Scottish Children Might All Get Library Cards In New Pilot Program
Thanks to an £80,000 government grant, local authorities in Scotland are preparing to roll out a pilot program that would give all Scottish children library cards before they learn to read. Depending on where in Scotland children live, they may receive the cards as newborns, toddlers, or in Primary 1, the Scottish equivalent of Kindergarten in the U.S. The Every Child a Library Member program begins on September 7 and will last for at least one full year.
Last year, Marc Lambert of the Scottish Book Trust called for children to receive library cards automatically as a means of promoting literacy and heritage. Lambert got the idea after visiting Scotland's oldest library, The Library of Innerpeffray, founded in the 18th century. Innerpeffray has checkout logs dating back centuries, which Lambert said, "showed shepherds who had walked to borrow books. It was a window into Scottish culture and a service libraries have provided to communities for a very long time in Scotland." Lambert is delighted that the Scottish government has put Every Child a Library Member into action.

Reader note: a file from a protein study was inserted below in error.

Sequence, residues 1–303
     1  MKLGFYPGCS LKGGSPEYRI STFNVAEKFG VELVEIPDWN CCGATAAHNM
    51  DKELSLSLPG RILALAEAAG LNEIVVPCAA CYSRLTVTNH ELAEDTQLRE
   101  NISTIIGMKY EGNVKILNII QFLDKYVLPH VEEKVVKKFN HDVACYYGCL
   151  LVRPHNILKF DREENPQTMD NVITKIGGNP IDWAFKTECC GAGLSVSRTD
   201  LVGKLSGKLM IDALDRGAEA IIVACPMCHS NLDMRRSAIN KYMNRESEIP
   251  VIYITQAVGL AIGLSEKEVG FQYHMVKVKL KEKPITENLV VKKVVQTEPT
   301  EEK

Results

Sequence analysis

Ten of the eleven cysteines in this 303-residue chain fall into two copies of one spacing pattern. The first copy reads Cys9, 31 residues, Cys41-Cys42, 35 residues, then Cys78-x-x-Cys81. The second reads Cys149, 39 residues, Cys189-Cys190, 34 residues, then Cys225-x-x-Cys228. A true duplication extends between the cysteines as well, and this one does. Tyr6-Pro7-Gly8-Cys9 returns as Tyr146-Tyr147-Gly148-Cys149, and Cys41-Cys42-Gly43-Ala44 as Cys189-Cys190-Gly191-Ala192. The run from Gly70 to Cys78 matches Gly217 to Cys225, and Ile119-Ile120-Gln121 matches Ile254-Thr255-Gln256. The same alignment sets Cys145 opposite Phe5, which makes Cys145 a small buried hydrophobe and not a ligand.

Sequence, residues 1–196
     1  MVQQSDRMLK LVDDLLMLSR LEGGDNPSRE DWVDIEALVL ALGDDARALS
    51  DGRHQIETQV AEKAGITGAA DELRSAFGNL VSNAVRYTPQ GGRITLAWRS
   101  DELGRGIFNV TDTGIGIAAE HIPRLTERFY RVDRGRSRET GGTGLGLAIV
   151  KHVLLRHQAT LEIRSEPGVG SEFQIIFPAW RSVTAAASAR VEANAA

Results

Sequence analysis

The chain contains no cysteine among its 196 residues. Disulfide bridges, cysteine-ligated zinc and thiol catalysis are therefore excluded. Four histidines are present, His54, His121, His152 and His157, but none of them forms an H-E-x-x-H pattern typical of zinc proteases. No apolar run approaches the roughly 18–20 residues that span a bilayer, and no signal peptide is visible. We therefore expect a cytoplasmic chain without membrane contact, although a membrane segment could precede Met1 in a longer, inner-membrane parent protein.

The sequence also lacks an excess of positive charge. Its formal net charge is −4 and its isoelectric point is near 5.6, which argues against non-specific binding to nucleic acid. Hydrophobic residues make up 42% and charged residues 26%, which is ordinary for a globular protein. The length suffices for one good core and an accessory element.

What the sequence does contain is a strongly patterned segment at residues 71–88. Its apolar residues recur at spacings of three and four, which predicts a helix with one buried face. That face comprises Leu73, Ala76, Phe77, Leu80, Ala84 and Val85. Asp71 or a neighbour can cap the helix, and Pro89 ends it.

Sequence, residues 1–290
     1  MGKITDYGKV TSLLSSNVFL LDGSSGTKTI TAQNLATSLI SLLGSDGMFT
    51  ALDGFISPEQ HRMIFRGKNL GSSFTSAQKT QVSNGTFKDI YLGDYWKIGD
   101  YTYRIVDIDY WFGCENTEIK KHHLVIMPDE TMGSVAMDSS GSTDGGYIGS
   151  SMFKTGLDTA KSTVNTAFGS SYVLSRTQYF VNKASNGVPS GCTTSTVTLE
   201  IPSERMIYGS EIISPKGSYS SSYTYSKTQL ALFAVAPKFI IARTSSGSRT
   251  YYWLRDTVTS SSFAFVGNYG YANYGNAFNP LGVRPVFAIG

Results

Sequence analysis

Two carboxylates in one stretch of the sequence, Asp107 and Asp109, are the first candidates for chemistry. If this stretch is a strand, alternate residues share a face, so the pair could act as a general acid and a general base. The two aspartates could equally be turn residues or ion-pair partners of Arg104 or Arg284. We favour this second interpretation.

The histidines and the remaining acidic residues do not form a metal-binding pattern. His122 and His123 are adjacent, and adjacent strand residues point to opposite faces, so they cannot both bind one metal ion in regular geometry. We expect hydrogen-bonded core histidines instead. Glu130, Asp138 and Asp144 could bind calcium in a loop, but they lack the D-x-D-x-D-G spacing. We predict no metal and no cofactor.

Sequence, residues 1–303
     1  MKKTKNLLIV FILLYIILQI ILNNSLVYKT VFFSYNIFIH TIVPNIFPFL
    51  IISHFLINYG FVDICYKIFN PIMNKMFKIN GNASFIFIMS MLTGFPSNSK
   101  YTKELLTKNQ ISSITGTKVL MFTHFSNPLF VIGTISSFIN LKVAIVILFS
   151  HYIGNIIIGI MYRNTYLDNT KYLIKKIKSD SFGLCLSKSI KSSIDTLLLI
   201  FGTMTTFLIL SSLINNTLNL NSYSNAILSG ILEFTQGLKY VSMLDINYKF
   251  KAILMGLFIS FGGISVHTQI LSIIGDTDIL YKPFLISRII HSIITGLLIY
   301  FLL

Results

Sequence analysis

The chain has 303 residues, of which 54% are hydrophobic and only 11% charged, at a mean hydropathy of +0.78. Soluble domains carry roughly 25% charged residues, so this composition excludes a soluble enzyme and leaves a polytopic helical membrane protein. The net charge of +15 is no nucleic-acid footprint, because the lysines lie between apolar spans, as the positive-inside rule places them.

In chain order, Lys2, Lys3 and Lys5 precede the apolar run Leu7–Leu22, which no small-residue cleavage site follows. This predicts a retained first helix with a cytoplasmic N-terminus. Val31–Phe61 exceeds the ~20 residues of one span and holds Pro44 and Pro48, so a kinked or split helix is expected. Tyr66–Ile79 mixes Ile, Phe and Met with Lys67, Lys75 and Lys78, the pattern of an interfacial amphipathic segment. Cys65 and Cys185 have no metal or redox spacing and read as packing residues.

Scotland's 623 libraries receive 28 million visitors every year. Not too shabby for a country with a population under 6 million. But, with only one library for roughly 8,551 citizens, Scotland's library density is much lower than that of the U.S., which has a library-citizen ratio of approximately 1-to-2,686. Funding for Scotland's libraries has been targeted by recent budget cuts, but Lambert says he hopes funding will be increased once Every Child a Library Member proves to be a success.
Promoting early reading is an essential part of the fight to combat illiteracy, which affects over 900 million individuals worldwide. With literacy rates on the decline in Scottish schools, the new initiative is all the more important, and will almost undoubtedly encourage more individuals and families to use their local libraries' services.